Architecture's potential for good
Of all the interviews conducted for One World Trade Center: Biography of the Building, none spoke more profoundly to the human condition than the one with Craig Dykers of Snøhetta, architectural designers of the 9/11 Museum Pavilion, as well as the SFMOMA expansion, the new Times Square, and the Library at Alexandria, among many projects.
An excerpt from my interview with Dykers on the 9/11 Pavilion:
What drew us to the project in the first place, to make the bold move to place culture on a memorial site, which is against the utopian ideal of what a memorial is, is valuable to society. That if you cleanse it, purify it and make it pure as a memorial only, it doesn’t tell us enough about who we are as people.
I think something needs to be a little bit rough and not perfect to make the place authentic, and that’s why I fought hard to keep our building there. It has nothing to do with ego or our need to have a building there. It was to make a statement about the whole of the memorial site because every project in my mind has a value, so for me, the memorial, if you look at the design, is incised into the earth and the earth is where we often bury the dead. That’s where we see the past as being preserved, so the memorial looks at an event in the past.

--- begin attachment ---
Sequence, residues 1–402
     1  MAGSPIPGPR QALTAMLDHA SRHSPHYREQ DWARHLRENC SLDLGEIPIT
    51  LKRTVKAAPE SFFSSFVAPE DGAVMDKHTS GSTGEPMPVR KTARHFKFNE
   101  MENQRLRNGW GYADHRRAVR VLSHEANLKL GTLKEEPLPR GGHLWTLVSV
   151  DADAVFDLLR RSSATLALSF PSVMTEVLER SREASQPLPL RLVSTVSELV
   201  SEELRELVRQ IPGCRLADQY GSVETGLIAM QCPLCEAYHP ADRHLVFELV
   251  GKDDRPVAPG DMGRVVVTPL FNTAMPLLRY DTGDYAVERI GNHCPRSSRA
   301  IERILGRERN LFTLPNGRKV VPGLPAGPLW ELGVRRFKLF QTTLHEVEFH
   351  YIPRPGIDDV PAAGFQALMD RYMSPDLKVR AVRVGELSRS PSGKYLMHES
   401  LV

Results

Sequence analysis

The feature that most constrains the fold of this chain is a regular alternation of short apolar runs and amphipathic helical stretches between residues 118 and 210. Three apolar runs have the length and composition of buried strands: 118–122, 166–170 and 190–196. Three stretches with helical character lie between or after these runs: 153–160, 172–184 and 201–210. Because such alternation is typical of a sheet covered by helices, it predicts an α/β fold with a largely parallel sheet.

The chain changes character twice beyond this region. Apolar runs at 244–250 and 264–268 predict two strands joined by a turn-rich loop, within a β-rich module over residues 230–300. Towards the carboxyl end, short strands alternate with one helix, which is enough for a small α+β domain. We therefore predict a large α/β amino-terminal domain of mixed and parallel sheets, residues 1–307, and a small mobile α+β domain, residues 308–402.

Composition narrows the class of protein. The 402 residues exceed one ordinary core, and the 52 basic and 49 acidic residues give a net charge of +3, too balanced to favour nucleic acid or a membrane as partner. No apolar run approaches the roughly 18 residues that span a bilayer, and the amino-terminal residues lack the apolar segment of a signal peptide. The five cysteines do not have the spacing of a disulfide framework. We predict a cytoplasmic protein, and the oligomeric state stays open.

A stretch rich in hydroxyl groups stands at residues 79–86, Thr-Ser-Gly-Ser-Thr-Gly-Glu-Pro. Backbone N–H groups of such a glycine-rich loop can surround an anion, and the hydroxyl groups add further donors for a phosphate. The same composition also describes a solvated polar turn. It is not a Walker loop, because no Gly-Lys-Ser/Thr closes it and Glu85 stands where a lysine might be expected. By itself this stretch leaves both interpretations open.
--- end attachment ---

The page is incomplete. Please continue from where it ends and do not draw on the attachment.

The [WTC] skyscrapers are incised into the sky and they’re optimistic. They’re about commerce and the future. They make us believe in the future. There are these two worlds, the past and the future, and our building is the present. It’s this little thing that connects the past and the future, and it’s a link between those two worlds.
This film on founders Kjetil Trædal Thorsen and Craig Edward Dykers expresses their vision of buildings that serve their communities. The Wall Street Journal recently named the firm the Architecture Innovator of the Year. As Ian Volner writes in the WSJ, “For far longer than perhaps any other firm working today, Snøhetta has been ‘saying no to any ultimate design theory,’ as Dykers puts it, touting instead an architecture free of banner slogans and signature styles. This can make it difficult to get a clear picture of what Snøhetta is really up to. But it’s also what makes the firm so interesting to watch.”